You don’t have to send it by U.S. Mail, but details matter.

September 11th, 2012 by Joe Kristan

Thanks to electronic filing, we can do most of our tax business nowadays without a trip to the post office to get a stamped postmark for our return filings.  But not everybody e-files, and some filings still have to go by paper.

A few years ago, the IRS broke its old tradition and agreed to accept some private delivery service postmarks as good for the “timely-mailed, timely-filed” rule — the rule that says that if you get it mailed by the filing deadline, it doesn’t matter when it shows up at the IRS.  But an Illinois couple yesterday learned the hard way that not all private delivery options are created equal.  They used FedEx “Express Saver Third business day” service to mail a petition to the Tax Court.  That turned out to be a false move.  From the Tax Court opinion (my emphasis and links):

In Notice 2004-83, 2004-2 C.B. 1030 (2004 notice), the Commissioner updated the list of companies and classes of delivery service that constitute designated private delivery services for purposes of section 7502. Thus, effective January 1, 2005, and insofar as FedEx is concerned, the list of designated private delivery services was as follows: FedEx Priority Overnight, FedEx Standard Overnight, FedEx 2 Day, FedEx International Priority, and FedEx International First. The 2004 notice expressly states that FedEx is not designated with respect to any type of delivery service not expressly identified. Thus, “Express Saver Third business day” service is not a designated private delivery service.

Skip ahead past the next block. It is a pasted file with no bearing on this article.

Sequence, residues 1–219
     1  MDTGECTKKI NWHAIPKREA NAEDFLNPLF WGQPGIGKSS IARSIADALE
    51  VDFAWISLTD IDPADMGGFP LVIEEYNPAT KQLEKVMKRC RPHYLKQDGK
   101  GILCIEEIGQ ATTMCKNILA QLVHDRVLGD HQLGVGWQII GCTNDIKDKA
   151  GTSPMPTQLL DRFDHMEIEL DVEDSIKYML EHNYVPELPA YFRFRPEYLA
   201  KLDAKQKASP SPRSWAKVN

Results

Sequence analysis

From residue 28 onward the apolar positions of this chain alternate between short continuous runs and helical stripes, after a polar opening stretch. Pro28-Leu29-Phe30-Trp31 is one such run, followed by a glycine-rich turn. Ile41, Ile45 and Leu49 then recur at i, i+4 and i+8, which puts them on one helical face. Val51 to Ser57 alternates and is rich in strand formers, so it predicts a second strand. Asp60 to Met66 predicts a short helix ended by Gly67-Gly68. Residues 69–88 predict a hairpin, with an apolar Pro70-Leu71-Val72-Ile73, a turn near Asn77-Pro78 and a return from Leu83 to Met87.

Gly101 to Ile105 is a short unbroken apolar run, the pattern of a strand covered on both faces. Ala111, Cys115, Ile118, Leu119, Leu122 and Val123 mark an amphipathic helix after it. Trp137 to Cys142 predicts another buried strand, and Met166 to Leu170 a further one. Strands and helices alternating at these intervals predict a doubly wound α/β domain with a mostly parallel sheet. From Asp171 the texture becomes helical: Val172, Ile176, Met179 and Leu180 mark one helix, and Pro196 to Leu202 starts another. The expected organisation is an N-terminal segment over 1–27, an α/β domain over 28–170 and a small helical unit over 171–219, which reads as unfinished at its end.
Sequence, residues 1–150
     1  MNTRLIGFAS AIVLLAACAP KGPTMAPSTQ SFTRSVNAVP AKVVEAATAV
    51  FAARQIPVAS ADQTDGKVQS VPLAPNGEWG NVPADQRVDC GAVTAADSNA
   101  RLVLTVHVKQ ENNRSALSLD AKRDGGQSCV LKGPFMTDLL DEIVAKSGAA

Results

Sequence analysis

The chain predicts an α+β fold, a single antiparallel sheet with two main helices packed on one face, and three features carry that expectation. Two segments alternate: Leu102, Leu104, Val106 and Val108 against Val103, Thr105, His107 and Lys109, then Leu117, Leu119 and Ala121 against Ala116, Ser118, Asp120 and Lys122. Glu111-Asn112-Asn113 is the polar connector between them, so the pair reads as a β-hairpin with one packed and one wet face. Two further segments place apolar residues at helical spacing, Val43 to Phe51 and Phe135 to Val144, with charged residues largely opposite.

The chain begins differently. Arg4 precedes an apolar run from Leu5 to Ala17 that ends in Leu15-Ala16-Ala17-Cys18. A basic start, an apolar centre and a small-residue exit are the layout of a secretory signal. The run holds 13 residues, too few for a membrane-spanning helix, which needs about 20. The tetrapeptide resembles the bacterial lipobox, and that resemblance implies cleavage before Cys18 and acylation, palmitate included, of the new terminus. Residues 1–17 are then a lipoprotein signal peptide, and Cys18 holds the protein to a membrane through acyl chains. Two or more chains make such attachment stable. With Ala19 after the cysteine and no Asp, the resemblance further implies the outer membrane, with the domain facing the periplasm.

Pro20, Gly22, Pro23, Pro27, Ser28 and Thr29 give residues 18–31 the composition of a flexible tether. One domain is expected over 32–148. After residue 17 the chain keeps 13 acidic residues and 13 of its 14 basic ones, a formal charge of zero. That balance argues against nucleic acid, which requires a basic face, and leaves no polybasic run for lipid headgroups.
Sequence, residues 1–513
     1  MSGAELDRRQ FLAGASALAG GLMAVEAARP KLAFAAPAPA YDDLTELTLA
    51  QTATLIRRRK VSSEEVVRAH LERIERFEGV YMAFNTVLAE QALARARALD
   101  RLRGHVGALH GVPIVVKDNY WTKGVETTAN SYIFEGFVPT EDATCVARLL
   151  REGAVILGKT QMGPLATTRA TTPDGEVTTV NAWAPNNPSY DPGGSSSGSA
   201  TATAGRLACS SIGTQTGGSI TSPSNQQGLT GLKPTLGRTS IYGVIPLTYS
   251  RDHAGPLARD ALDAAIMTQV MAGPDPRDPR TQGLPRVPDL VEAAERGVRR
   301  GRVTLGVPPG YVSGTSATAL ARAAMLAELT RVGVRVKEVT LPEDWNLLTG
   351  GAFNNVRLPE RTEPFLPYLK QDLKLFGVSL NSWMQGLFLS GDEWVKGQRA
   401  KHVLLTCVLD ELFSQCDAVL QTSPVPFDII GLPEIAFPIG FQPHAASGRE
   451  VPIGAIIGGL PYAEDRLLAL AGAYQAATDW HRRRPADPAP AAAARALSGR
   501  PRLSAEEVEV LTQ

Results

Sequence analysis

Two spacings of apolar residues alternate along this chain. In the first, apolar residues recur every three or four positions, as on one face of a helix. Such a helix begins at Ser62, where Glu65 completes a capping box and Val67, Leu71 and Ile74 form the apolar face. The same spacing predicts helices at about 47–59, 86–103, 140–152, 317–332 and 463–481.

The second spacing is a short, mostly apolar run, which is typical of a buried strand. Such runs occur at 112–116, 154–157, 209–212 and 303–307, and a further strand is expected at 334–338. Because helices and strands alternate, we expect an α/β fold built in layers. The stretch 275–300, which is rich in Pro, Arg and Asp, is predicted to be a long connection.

The petition didn’t arrive in time, and the taxpayers lose their chance to fight their case in Tax Court.  They now have to pay up and sue for a refund in District Court or the Court of Claims.

The moral?  Private delivery postmarks can be a life-saver, especially with 24-hour Fed-Ex/Kinkos  late hours in this age of postal service cutbacks.  But if you use them, be sure you use one of the designated services.  And Jiffy Express isn’t one of them.

Oh, and the IRS should be more liberal in designating qualifying private delivery services as the US Postal Service totters.  You shouldn’t have to use the high-priced spread.

Cite: Scaggs, TC Memo 2012-258 (click here if link doesn’t work).

The TaxProf has more.

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